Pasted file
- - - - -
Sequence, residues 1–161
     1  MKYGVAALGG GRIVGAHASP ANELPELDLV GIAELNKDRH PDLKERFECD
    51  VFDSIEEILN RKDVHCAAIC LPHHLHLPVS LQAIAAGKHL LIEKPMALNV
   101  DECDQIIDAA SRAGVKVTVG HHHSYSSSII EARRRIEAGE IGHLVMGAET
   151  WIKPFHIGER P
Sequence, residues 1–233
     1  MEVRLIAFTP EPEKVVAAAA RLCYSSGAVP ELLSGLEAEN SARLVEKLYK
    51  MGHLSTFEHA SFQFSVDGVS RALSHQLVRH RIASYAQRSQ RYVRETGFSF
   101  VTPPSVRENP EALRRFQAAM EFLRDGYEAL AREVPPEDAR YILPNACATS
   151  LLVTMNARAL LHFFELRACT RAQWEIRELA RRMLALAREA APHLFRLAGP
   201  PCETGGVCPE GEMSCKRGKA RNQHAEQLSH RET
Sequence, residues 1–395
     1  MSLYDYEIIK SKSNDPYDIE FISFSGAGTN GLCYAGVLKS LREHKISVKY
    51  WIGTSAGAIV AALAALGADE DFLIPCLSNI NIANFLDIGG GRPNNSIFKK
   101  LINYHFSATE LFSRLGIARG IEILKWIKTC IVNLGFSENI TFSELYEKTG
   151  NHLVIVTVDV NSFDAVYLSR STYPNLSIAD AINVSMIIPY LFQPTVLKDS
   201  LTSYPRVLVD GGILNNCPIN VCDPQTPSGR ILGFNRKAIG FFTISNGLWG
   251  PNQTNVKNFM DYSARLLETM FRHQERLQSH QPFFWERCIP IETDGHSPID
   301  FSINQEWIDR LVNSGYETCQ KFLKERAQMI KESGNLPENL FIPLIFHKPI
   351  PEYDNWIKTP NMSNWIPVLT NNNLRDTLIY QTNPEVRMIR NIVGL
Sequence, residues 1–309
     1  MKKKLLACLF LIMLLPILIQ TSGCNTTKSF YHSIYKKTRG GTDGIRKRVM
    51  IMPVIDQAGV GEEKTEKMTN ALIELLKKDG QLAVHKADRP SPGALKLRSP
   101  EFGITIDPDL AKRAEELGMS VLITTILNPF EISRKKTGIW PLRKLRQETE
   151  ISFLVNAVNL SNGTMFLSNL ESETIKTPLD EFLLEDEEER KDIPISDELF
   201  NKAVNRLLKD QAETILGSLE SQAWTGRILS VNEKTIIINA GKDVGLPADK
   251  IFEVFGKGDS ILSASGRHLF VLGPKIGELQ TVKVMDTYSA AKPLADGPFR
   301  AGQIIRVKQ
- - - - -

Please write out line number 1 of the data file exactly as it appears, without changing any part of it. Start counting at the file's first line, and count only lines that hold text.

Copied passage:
Sequence, residues 1–161